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What makes MSc Sport at Worcester special?

The MSc Sport programmes represent a suite of vocationally oriented taught master’s courses that allow students to specialise in their chosen named pathway.

Through a combination of pathway specific and shared modules, students develop both subject specific knowledge and skills, as well as being exposed to broader elements of the sports sector.

The courses are delivered through a combination of intensive study weeks, weekly classes & seminars, placement learning, and independent study, and are available in both full-time and part-time format in order to allow students to study at their own pace.

Overview
Entry requirements

What qualifications will you need?

Entry requirements

Students will normally have a 2:1 degree classification in either a sport or related discipline. Students who hold a relevant degree classification of either 2:2 (or below), or, a non-related degree will be considered on a case by case basis and may be required to submit a portfolio of evidence to demonstrate experience of work within the field. Applicants should be able to demonstrate academic capability for study at this level and strong interest and commitment in the relevant disciplines.

In the event of students completing their period of Professional Placement in an environment where they may be working with children or vulnerable adults, they will be required to follow their home country procedures for Criminal Records Bureau enhanced disclosure checks and they must provide this evidence to University of Worcester staff prior to acceptance.

Other information

Any applicants whose first language is not English or who has not been educated wholly or mainly in the medium of English must reach a minimum IELTS overall band score of 6.5 with a score of at least 5.5 in any individual component (or equivalent in an approved test in English) or otherwise demonstrate that they have an adequate command of both written and spoken English before starting the course.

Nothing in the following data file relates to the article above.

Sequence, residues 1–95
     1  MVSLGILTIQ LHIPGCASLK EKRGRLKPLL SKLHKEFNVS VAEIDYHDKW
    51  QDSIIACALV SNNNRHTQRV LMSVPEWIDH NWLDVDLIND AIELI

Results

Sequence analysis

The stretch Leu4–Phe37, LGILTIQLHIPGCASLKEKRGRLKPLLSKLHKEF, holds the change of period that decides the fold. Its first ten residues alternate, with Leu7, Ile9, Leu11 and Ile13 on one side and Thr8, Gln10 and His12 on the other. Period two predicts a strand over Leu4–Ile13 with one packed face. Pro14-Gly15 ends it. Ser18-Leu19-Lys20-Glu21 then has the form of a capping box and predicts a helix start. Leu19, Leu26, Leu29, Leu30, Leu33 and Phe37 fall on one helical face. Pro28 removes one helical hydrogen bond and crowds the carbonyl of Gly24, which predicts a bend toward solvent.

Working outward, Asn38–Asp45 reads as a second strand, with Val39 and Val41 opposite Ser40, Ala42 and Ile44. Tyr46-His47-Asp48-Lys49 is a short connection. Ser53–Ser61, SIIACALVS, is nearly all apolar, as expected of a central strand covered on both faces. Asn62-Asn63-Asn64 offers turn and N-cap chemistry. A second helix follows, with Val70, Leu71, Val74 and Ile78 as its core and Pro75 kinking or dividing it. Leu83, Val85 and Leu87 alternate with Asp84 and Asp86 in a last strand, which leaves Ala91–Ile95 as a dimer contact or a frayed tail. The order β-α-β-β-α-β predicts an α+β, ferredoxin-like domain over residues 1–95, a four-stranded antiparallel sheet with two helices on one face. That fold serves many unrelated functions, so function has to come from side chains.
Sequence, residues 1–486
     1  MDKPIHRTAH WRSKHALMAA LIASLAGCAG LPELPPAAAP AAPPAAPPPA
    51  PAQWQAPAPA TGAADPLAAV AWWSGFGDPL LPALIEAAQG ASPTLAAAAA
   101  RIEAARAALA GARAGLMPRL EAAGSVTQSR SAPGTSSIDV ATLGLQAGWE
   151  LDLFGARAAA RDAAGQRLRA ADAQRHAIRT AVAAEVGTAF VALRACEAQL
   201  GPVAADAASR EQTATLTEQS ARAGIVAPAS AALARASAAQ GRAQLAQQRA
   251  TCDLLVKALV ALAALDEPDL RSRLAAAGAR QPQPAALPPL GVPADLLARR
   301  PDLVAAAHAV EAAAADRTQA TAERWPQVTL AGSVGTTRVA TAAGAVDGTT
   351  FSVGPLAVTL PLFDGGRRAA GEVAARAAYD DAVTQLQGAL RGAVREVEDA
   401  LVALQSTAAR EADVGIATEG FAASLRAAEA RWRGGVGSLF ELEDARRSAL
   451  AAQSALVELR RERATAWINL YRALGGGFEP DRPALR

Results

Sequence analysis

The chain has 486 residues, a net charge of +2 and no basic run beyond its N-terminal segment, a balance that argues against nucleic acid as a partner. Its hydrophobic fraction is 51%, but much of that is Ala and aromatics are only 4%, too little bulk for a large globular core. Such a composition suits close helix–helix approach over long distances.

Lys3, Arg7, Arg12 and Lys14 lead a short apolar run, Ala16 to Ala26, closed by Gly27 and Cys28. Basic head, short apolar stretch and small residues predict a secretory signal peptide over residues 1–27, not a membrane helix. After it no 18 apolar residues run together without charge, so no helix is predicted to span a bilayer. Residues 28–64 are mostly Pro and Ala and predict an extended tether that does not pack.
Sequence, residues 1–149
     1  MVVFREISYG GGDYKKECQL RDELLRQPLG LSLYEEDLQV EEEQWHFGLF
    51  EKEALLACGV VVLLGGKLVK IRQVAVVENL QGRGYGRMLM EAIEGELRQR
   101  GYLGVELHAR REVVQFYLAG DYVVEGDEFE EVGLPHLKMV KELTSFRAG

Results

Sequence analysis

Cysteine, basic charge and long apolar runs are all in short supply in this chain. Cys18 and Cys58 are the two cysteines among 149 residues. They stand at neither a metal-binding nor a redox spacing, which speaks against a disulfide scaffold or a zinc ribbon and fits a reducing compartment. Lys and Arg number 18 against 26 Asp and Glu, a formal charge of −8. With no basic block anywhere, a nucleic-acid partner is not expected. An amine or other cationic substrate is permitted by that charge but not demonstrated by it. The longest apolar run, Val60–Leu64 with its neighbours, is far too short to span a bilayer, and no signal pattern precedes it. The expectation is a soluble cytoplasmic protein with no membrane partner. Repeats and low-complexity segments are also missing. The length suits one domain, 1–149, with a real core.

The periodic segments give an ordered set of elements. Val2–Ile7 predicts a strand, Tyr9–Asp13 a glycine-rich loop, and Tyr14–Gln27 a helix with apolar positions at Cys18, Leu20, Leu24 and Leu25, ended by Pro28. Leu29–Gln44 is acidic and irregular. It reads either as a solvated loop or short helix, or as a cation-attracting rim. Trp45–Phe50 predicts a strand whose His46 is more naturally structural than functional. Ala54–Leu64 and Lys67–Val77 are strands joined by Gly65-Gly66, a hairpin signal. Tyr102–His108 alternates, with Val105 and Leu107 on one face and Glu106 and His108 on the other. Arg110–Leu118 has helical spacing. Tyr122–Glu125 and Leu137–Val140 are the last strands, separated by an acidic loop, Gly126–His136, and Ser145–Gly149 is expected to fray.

See Admissions Policy for other acceptable qualifications.

Course content

What will you study?

Our courses are informed by research and current developments in the discipline and feedback from students, external examiners and employers. Modules do therefore change periodically in the interests of keeping the course relevant and reflecting best practice. The most up-to-date information will be available to you once you have accepted a place and registered for the course. If there are insufficient numbers of students interested in an optional module, this might not be offered, but we will advise you as soon as possible and help you choose an alternative. 

What will you study and when?

An example of the structure which will be followed by a full-time student on any of the pathways, starting in September 2019 and finishing in September 2020 would be:

  • 1 x 30 credit pathway specific module to be taken in semester 1 (September – January)
  • 1 x 30 credit Leading and Managing People module in semester 1 (September – January)
  • 1 x 30 credit work-based placement module in semester 2 (January – May)
  • 1 x 30 credit pathway specific module to be taken in semester 2 (January - May)
  • 1 x 60 credit dissertation module including research methods to be taken between May and September

Part time students would normally complete the course over 2 years:

  • In Year 1 they would take one pathway specific module in semester 1 and 2.
  • In Year 2 they would take Leading and Managing People in semester 1, complete their placement in semester 2, and complete their dissertation over the summer.

Our courses are informed by research and current developments in the discipline and by feedback from students, external examiners and employers. Modules do therefore change periodically in the interests of keeping the course relevant and reflecting best practice. The most up-to-date information will be available to you once you have accepted a place and registered for the course.  If there are insufficient numbers of students interested in an optional module, this might not be offered, but we will advise you as soon as possible and help you choose an alternative. 

Teaching and assessment

How will you be taught?

Teaching

You are taught through a combination of intensive weeks, interactive workshops, lectures, seminars and laboratory practical’s, fieldwork, practical activities etc. Interactive workshops take a variety of formats and are intended to enable the application of learning through discussion and small group activities.  Seminars enable the discussion and development of understanding of topics covered in lectures, and laboratory practicals are focused on developing subject specific skills and applied individual and group project work.